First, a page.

The calibrator 2 and the switch box 3 are connected to the computer 4 using a communication protocol, such as the recommended standard 232 (RS-232) protocol. When the switch of the switch box 3 is closed, the switch box 3 sends a signal to the computer 4 to signal that the gear of the calibrator 2 has been connected to the gear of the multimeter 1. After receiving the signal, the computer 4 sends an instruction to the calibrator 2 to signal the calibrator 2 to send an analog signal to the multimeter 1. In one embodiment, the analog signal may be a voltage signal or a current signal. For example, if the switch box 3 closes a switch that connects a voltage gear of the multimeter 1 with a voltage gear of the calibrator 2, then the analog signal sent from the calibrator 2 is a voltage signal. The multimeter 1 transforms the analog signal into a digital signal, and displays a value corresponding to the digital signal on a display screen 100 of the multimeter 1.

The camera 5 may be installed in the computer 4, or may be connected to the computer 4 via a universal serial bus (USB) port. The camera 5 captures an image of the displayed values on the multimeter 1 every predetermined time interval. In one embodiment, the predetermined time interval may be about 200 ms. The computer 4 generates a test report according to the captured images. The gears of the multimeter 1 can be set by the mechanical arm 6. The mechanical arm 6 is connected to the computer 4 using a communication protocol, such as the recommended standard 232 (RS-232) protocol.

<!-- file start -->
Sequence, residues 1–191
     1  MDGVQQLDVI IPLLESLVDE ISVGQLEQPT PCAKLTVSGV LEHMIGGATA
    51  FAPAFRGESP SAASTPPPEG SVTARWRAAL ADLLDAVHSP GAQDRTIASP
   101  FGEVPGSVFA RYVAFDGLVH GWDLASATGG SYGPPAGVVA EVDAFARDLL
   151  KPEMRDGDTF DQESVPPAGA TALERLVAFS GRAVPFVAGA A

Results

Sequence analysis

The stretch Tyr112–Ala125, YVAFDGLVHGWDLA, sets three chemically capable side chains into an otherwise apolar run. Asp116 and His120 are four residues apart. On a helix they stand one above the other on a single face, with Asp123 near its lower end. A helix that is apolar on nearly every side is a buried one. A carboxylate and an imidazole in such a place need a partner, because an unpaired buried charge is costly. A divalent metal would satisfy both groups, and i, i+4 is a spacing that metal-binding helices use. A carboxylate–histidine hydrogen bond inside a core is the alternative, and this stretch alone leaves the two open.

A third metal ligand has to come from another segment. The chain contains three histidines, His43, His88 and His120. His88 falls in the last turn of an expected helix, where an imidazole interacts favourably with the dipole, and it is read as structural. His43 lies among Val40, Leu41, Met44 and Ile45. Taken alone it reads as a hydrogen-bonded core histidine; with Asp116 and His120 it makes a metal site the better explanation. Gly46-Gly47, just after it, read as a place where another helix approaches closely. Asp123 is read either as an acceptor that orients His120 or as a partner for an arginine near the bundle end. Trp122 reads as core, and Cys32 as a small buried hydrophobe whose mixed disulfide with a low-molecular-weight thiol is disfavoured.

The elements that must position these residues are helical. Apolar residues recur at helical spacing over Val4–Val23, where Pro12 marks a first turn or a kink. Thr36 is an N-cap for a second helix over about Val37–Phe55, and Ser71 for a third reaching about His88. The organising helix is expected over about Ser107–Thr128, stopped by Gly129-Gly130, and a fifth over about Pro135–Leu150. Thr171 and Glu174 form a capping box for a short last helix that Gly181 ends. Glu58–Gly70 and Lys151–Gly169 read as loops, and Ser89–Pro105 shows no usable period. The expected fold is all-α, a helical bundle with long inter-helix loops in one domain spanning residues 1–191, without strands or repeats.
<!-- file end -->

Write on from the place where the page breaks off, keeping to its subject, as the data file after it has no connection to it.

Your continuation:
FIG. 2 is flowchart of one embodiment of a method for testing a multimeter. Depending on the embodiment, additional blocks may be added, others removed, and the ordering of the blocks may be changed.

In block S20, the mechanical arm 6 sets a gear of the multimeter 1.

In block S22, a switch of the switch box 3 connected to the set gear of the multimeter 1 is closed. For example, the mechanical arm 6 may set voltage gear of the multimeter 1, then the switch connected to the voltage gear of the multimeter 1 is closed.